Meeting Board Room Table Presenter Arms Crossed

Outcome-based budgeting can improve a nonprofit’s financial standing and bring the entire organization into the budgeting process.

How Nonprofits Can Move to Outcome-Based Budgeting

  • 5/15/2014

Nonprofits have traditionally relied on zero-sum, line item, and program-based budgeting techniques to help guide board and management decisions. But many nonprofits can better align their resources with outcomes and strategic priorities by making the shift to outcome-based budgeting (OBB). Organizations that have taken the plunge and moved to OBB have seen improvement in their financial standing while bringing their full organization and its mission into the budgeting process.

CliftonLarsonAllen’s second quarter Nonprofit Roundtable Series looked at how OBB differs from traditional budgeting, and gave participants insight on whether it makes sense for their organization.Here are a few of the ideas coming out of the series:

  • Know your strategic and financial standing when assessing if OBB is right for your organization. OBB starts when desired results are linked with strategic priorities, so developing a well-defined strategy is an essential part of the OBB process. Also, make sure you have the financial capacity to develop an OBB approach; organizations with recurring deficits may have more difficulty implementing such a system.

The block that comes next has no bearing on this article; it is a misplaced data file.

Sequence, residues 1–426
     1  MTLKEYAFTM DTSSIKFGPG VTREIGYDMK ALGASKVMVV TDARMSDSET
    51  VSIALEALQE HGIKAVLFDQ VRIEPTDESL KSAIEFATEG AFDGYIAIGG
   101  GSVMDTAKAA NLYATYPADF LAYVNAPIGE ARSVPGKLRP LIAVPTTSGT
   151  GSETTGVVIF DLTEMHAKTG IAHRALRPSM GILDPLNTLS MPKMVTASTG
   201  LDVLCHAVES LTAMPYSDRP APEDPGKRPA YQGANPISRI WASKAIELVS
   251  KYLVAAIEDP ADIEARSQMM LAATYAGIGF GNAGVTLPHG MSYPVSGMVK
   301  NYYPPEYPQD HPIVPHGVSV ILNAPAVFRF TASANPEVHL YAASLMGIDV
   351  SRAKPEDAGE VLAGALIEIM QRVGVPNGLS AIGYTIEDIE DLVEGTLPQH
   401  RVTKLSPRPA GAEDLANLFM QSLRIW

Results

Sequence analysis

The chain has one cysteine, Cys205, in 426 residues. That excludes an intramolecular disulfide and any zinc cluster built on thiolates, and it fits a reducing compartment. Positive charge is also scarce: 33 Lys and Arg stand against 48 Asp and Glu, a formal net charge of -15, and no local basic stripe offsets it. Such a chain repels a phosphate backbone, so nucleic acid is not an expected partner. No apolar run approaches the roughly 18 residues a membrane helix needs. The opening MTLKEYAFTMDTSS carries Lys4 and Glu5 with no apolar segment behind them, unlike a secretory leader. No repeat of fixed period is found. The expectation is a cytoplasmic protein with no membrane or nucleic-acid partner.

• The outputs (i.e., goods or services produced) of a nonprofit organization are often not the same as the desired outcomes (i.e., strategic goals). Outputs are the “how” or the “what we do” to achieve the mission or outcome. Organizations that understand how their outputs support their desired outcomes will be in a better position to implement an OBB approach.
    • For example, an organization whose mission is to reduce homelessness in the community can measure its outputs by how many families find shelter through the organization; however, that may not be enough for the organization to truly understand if they are reducing homelessness. If the organization understands how the number of families sheltered reduces the homelessness rate, it would be better positioned to budget resources to achieve desired outcomes.
  • To measure OBB success it is critical to develop efficiency indicators for both outputs and outcomes. This enables department heads, management, governance, and other users to understand if budget levels are achieving desired results. Transparency, in turn, shows stakeholders how the organization is spending its resources and the results of spending. Openness of this sort becomes increasingly important as stakeholders look beyond the traditional comparison of program spending percentage and total costs to measure a nonprofit’s impact.

The implementation of OBB is often evolutionary versus revolutionary. It is not necessary to implement OBB across all departments and funding streams at the same time. An incremental approach can assist leaders in understanding the cultural changes necessary to adopt OBB throughout the organization. Before you start, consider the pros and cons of an incremental approach versus full adoption.